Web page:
I know a number of twentysomethings, both male and female, who are named Malaya, usually nicknamed Aya. Note that the FQS gave birth to Malaya but EDSA brought forth Liberty. That means two sets of street parliamentarians speaking different languages.

You can immediately tell if someone is a martial-law baby or the child of FQS activists when that someone answers to the name Makibaka, or Demo (short for Demonstrasyon or Demokrasya), or Rebo (short for Rebolusyon).

I have a goddaughter named Roja (Spanish for “red”), a godson named Fedayeen (the Palestinian word for “guerrilla”), and nieces named Miriam Mendiola, Emanwelga, and Amir (the Arabic word for “commander,” from which came the English word emir).

Tagalog names like Lualhati and Bayani, once popular in nationalist families, haven't enjoyed a revival. FQS veterans prefer coming up with new ones like Maningning, Banaue, Mithi, Hiyas, Alab, and Tagumpay.

The pantheon of leftist role models has also bequeathed names like Karl, Vladimir, Lenin, Marlenin, Mao, Chi Minh, and Norman (after Norman Bethune, a Canadian doctor apotheosized by Mao Zedong). I've even met someone actually named Karlmarxist.

More nationalistically inclined leftist types have named their children Amado Bonifacio, Crisanto (after Crisanto Evangelista, founder of the first Communist Party of the Philippines), and Lorena (after woman warrior Lorena Barros).

It isn't just babies whose names give away their parents' militant past. There are even, believe it or not, taxis named Lenin, FQS, Freedom, and Kalayaan.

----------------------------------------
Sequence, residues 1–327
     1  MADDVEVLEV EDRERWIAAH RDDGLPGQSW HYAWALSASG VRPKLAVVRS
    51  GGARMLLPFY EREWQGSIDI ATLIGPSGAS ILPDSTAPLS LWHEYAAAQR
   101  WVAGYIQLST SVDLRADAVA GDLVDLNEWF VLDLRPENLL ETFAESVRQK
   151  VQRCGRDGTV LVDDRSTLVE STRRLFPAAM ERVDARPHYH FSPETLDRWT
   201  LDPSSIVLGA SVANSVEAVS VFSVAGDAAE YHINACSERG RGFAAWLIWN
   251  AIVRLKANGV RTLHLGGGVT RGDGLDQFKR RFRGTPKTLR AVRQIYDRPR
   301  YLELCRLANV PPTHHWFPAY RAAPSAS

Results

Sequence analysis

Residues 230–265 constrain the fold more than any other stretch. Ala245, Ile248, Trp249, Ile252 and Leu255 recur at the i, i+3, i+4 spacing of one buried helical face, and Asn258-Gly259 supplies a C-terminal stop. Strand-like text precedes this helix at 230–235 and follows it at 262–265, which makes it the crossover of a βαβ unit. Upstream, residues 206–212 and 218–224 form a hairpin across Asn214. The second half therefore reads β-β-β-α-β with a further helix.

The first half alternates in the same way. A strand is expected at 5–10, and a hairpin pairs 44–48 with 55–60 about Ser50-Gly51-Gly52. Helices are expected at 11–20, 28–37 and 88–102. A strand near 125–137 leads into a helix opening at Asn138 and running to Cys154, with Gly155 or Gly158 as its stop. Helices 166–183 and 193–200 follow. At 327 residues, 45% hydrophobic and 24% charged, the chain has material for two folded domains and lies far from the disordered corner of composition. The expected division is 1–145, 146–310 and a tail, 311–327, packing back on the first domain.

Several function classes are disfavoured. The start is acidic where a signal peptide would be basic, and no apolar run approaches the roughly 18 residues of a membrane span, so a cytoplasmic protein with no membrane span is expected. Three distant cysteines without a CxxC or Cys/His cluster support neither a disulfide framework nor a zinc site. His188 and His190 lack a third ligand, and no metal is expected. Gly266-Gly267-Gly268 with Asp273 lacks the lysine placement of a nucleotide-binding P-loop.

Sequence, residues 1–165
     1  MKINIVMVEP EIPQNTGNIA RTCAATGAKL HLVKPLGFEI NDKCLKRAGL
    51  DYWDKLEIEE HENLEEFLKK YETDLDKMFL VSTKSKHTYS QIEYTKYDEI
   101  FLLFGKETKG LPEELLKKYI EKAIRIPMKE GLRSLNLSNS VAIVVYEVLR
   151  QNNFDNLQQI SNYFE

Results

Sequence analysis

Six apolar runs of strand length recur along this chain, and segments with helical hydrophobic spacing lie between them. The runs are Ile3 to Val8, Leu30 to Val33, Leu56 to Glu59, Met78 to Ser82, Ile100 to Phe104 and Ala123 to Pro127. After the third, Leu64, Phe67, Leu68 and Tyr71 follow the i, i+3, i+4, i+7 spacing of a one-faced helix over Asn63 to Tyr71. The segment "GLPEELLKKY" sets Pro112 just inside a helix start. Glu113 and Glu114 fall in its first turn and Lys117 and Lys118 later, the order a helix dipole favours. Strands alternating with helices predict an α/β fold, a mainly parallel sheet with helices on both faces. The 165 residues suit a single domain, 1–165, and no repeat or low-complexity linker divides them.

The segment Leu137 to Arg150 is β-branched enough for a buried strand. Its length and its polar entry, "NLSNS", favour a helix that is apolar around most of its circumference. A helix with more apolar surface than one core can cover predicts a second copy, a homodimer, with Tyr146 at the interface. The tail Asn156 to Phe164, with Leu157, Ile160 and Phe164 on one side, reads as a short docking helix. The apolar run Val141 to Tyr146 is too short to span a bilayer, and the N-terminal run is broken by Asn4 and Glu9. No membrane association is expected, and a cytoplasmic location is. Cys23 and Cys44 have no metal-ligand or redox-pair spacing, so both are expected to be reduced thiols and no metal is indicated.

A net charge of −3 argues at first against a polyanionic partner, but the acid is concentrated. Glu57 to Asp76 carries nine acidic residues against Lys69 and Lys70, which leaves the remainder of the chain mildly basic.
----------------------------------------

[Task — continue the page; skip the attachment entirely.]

Obviously, some former street marchers have gone up the social ladder. As driver-operators, they have graduated to the status of entrepreneurs and members of the national bourgeoisie.

Those taxi names, by the by, are culled from my wife's unusual collection. Her hobby of late, while riding in the front seat of our old heap, is monitoring the incredible nomenclature produced by the boom in individually owned taxicabs.

The names fall into several categories. FQS belongs to the political, but the religious, being less likely to attract the attention of government agents, seems to have more adherents, with taxis named God's Grace, God's Glory, God's Servant, God's Sheep, God's Touch, Jesus on Board Godspeed, Heart of Jesus, D'Lord's Army, Lady of Lourdes, Our Lady of Hope, Psalm 21, and Deuteronomy.

Among the other categories: people (Zaira & Zabrielle, Ahkong & Ahkang); places, which could be countries where owner-operators were once overseas contract workers (Bahrain, Osaka); dates, their significance known only to the owners (June One, 21st of September); family (Six Brothers, Mater et Filius); literature, sometimes in fractured forms (McBeth, Othella, Alvatross); transportation (Road 'R' Us, Wheels and Hubs); high technology (Bits & Bytes, Zybernetics); anatomy (Tumbong, Tarugo); vices (Fundador, Cuadro de Jack); and miscellaneous (Nameless, Whatever, Makuletski).